I’m excited both for the learning opportunity and another chance to travel internationally.  Before the start of this year, the extent of my international travel was 6 hours on Grand Nassau in the Bahamas on a cruise ship stopover.  That almost doesn’t count (I didn’t even need my passport…).  In January, my wife and I spent a week in Mexico, deeply embedded in the local culture, and now I’ll have nearly two weeks in Montréal.  Of course, I’m there for the education, but my evenings are free and there’s a free weekend in the middle, so I’ll get to do a little bit of exploring.

Unlike Baja California Sur, Montréal is teeming with craft breweries.  I hope to make it to a handful on my own, and the last day of class the Siebel folks take us on a “brewery tour”.  I don’t know what the stops are, but anywhere we go will be new to me unless it’s one of the ones I happen to run across on my own.

My hotel is walking distance from the class location and there’s a subway station a block away, so I’ll be spending a good amount of time on foot and aboard mass transit.  In my experience, after learning the ropes in Portland and then branching out to cities like San Francisco and San Diego, buses and trains are a great way to see the city and to get around.  As long as you can figure out where you’re going. The subway system seems to be laid out pretty well and cover most of the city.  The buses on the other hand are a little confusing.  There is a bus that goes to the school, but halfway there you have to get of one 115 bus and get on another 115 bus.  I haven’t quite figured that out.  It’s only about a mile walk.  If the weather is halfway decent I’ll just walk.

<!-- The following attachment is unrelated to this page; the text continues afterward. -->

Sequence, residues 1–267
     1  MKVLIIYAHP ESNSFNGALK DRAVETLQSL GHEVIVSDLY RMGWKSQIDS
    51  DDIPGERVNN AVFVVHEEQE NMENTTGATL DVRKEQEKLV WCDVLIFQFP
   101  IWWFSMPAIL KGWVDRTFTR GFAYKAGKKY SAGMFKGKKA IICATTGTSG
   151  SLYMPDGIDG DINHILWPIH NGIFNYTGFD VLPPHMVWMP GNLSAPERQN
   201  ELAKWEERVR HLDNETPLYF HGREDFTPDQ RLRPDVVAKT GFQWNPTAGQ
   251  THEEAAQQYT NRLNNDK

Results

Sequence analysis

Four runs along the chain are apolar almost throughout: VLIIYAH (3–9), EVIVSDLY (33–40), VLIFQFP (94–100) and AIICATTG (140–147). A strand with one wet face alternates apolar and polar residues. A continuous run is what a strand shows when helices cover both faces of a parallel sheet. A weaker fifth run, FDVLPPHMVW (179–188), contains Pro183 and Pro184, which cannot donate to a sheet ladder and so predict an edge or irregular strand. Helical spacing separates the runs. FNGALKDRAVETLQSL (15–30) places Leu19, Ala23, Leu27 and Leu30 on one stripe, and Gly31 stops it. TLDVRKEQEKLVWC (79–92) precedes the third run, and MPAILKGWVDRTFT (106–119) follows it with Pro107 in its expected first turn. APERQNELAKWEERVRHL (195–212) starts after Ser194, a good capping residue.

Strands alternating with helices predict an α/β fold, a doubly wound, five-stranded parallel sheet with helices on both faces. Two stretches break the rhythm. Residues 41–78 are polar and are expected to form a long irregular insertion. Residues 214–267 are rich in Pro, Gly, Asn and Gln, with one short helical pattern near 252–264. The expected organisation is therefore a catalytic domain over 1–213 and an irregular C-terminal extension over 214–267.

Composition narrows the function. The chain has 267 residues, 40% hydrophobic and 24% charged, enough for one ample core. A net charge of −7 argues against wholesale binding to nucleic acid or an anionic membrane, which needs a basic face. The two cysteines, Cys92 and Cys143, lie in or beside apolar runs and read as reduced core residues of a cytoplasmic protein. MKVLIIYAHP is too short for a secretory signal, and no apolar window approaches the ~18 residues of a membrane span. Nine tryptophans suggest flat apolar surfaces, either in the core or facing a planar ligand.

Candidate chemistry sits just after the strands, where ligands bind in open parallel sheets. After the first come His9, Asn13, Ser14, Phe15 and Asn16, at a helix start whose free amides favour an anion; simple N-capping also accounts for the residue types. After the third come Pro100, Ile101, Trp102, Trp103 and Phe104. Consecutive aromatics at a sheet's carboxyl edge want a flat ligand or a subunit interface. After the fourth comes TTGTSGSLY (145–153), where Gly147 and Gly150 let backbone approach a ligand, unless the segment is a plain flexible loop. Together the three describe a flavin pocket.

I’m very happy to work for a company that values education and is willing to send people to these kinds of trainings.  Oh yeah that’s the other great thing, this is a business trip.  There’s no way I could afford this on my own.

I fly out Sunday April 8th, the course runs from Monday, April 9 to Thursday April 19 and I fly home Friday April 20.  (And come straight back to work on Saturday the 21st. It will be a whirlwind of time zones and jet lag, but I’m excited for it.  Can’t wait!

Stay tuned for a recap when I get back!

Untappd Update – 2400